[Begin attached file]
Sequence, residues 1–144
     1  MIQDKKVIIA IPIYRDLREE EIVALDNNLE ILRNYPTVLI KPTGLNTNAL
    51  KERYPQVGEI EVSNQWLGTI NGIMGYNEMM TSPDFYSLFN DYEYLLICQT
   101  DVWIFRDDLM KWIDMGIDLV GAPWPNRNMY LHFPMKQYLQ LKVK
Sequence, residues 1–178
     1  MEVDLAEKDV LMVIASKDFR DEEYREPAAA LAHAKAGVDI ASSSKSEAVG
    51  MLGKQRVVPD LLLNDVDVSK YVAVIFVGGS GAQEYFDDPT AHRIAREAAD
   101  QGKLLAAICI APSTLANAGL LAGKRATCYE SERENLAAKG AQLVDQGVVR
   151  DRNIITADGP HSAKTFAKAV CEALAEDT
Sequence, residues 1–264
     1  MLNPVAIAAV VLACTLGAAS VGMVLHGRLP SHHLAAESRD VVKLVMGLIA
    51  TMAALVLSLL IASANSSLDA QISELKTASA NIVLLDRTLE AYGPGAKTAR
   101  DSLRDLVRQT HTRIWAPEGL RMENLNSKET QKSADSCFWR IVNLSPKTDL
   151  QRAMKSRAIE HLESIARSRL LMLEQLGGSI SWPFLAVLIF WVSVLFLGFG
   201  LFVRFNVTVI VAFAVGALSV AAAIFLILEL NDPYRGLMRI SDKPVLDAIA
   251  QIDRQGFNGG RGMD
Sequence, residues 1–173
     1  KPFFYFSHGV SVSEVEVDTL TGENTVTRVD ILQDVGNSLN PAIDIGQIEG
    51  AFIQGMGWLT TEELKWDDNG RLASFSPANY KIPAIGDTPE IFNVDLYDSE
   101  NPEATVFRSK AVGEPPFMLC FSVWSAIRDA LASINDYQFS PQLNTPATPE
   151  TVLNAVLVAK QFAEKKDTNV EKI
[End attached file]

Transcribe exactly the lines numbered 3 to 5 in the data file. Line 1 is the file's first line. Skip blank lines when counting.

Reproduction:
    51  KERYPQVGEI EVSNQWLGTI NGIMGYNEMM TSPDFYSLFN DYEYLLICQT
   101  DVWIFRDDLM KWIDMGIDLV GAPWPNRNMY LHFPMKQYLQ LKVK
Sequence, residues 1–178